By: Sue DeCaro
When my girls were little, I remember my oldest, about 8 at that time, wanting to play indoor soccer. It was wintertime. Movement, although important in everyone’s life, was especially important for her. She was the kind of kid who needed to get her energy out in a constructive fashion. Her good friend and neighbor, who was also the same age, wanted to sign up with my daughter so her mom and I both went to the organization to sign the girls up. A few weeks before the actual season started, we both received emails that there would not be a rec team due to the fact that they did not have a coach, a volunteer. My friend and I spoke about this and decided if they did not have anyone, we would volunteer together since it was important to both of us that our kids get this opportunity. We both just laughed and said that we were the blind leading the blind.
The season was beginning and there was still not a coach to be found. So, here we were in a new territory. We spent quite a bit of time looking up information on how to coach a team, how to create drills for practice, and how to run the show. We had a lovely team of boys and girls, but we were a bit nervous at the start and began by creating relationships and connections with the players, as well as connecting them to each other. I can still see this beautiful image of these players building friendship and the team coming together.
We had a team of wonderful little people, all who were very respectful, and we showed them respect as well. When the time came for competitive game-playing, our goal was to be kind to all the players. Again, we were new to this world — what did we know? We wanted everyone to feel good about themselves and to walk away knowing that they always tried their best. We had no intentions to focus on winning; we were just happy to coach these young players. The first game came and went, and we won. Our team was so excited, and so were we. We had one boy on the team who was from Brazil, and his father was a soccer player back in Brazil in his younger days. This boy was a fabulous, well-trained athlete. We could have used him in every game, all game long, but that was not our mission. We were inexperienced coaches who were focusing on relationships and connections, having fun, learning, and growing. Every child on the team seemed to respect us for that. They were happy to be there, attentive, and enjoyed the practices and the games. They even called us Coach Amy and Coach Sue.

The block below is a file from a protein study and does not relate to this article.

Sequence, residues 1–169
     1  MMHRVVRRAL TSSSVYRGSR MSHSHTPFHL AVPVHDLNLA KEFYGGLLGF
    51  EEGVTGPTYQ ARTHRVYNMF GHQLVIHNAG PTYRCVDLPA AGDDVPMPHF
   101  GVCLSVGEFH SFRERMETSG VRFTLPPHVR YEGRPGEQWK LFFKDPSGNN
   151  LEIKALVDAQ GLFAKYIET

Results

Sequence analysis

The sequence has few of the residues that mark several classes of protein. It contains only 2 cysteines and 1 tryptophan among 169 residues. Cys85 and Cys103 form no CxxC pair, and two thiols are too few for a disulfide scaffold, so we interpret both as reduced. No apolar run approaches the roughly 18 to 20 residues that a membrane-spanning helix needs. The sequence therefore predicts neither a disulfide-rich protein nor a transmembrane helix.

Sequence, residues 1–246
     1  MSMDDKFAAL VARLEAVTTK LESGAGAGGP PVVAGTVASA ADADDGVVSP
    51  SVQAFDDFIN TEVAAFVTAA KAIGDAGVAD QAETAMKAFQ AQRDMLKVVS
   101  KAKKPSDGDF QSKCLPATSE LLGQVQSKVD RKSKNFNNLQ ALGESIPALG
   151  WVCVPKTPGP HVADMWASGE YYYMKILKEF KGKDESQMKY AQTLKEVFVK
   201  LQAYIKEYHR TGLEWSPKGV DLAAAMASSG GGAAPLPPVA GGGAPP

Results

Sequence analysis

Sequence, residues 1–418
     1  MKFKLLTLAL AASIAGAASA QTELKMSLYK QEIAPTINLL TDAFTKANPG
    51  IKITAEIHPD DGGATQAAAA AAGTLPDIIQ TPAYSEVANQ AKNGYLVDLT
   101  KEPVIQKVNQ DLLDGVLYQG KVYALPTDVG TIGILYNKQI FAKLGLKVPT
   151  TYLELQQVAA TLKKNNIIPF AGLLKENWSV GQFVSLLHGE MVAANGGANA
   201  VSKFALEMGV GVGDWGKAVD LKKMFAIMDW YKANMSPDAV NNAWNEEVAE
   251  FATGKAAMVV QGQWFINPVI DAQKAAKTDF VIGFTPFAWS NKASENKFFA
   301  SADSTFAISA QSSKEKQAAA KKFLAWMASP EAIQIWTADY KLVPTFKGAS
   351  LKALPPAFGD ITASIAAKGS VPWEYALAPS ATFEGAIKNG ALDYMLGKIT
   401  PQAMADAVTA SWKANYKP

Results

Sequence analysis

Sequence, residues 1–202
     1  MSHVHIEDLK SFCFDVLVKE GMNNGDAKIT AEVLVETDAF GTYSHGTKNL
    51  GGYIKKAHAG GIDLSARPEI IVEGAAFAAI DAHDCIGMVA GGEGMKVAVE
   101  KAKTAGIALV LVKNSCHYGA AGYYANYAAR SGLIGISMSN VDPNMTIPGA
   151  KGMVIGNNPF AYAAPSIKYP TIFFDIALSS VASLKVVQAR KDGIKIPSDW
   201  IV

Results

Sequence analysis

This was a fabulous time in my life, stepping outside my comfort zone into something totally new and really embracing this role. I look back on this experience and see it in a multitude of ways. Coaching in many sports these days has become focused on winning. The spirit of games has diminished and, in some cases the shift to get the win has taken over. When this takes place, children are not always having fun, improving their skills, developing self-confidence, or feeling connected, appreciated or respected. What we gave to these children was a gift, and we received the same.
If you or anyone you know wants to change the world of coaching and sports in general, check out our interview with John O’Sullivan, a youth sports expert and author of the #1 bestselling book, Changing the Game: The Parents Guide to Raising Happy, High Performing Athletes, and Giving Youth Sports Back to our Kids. His message is one that will benefit all coaches and parents of young athletes.